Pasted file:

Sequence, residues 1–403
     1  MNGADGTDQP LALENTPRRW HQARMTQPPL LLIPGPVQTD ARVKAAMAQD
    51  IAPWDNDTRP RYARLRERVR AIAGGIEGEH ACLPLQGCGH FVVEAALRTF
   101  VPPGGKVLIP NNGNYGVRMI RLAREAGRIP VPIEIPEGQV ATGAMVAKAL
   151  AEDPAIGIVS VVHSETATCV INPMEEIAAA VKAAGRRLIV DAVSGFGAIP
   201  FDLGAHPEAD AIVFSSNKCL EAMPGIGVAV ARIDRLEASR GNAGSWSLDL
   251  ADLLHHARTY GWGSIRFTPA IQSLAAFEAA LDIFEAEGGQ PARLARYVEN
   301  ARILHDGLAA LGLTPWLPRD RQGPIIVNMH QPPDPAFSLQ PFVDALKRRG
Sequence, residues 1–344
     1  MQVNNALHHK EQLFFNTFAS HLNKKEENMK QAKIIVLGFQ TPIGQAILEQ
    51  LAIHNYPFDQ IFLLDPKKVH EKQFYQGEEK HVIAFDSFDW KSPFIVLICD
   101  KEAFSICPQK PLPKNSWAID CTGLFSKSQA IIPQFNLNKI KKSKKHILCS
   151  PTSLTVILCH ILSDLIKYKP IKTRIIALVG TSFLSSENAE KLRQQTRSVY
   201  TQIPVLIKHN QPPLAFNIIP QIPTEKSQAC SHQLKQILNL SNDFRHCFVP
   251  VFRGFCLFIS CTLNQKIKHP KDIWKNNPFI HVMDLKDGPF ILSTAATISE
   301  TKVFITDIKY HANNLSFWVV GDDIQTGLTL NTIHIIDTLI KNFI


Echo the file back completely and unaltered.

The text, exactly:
Sequence, residues 1–403
     1  MNGADGTDQP LALENTPRRW HQARMTQPPL LLIPGPVQTD ARVKAAMAQD
    51  IAPWDNDTRP RYARLRERVR AIAGGIEGEH ACLPLQGCGH FVVEAALRTF
   101  VPPGGKVLIP NNGNYGVRMI RLAREAGRIP VPIEIPEGQV ATGAMVAKAL
   151  AEDPAIGIVS VVHSETATCV INPMEEIAAA VKAAGRRLIV DAVSGFGAIP
   201  FDLGAHPEAD AIVFSSNKCL EAMPGIGVAV ARIDRLEASR GNAGSWSLDL
   251  ADLLHHARTY GWGSIRFTPA IQSLAAFEAA LDIFEAEGGQ PARLARYVEN
   301  ARILHDGLAA LGLTPWLPRD RQGPIIVNMH QPPDPAFSLQ PFVDALKRRG
Sequence, residues 1–344
     1  MQVNNALHHK EQLFFNTFAS HLNKKEENMK QAKIIVLGFQ TPIGQAILEQ
    51  LAIHNYPFDQ IFLLDPKKVH EKQFYQGEEK HVIAFDSFDW KSPFIVLICD
   101  KEAFSICPQK PLPKNSWAID CTGLFSKSQA IIPQFNLNKI KKSKKHILCS
   151  PTSLTVILCH ILSDLIKYKP IKTRIIALVG TSFLSSENAE KLRQQTRSVY
   201  TQIPVLIKHN QPPLAFNIIP QIPTEKSQAC SHQLKQILNL SNDFRHCFVP
   251  VFRGFCLFIS CTLNQKIKHP KDIWKNNPFI HVMDLKDGPF ILSTAATISE
   301  TKVFITDIKY HANNLSFWVV GDDIQTGLTL NTIHIIDTLI KNFI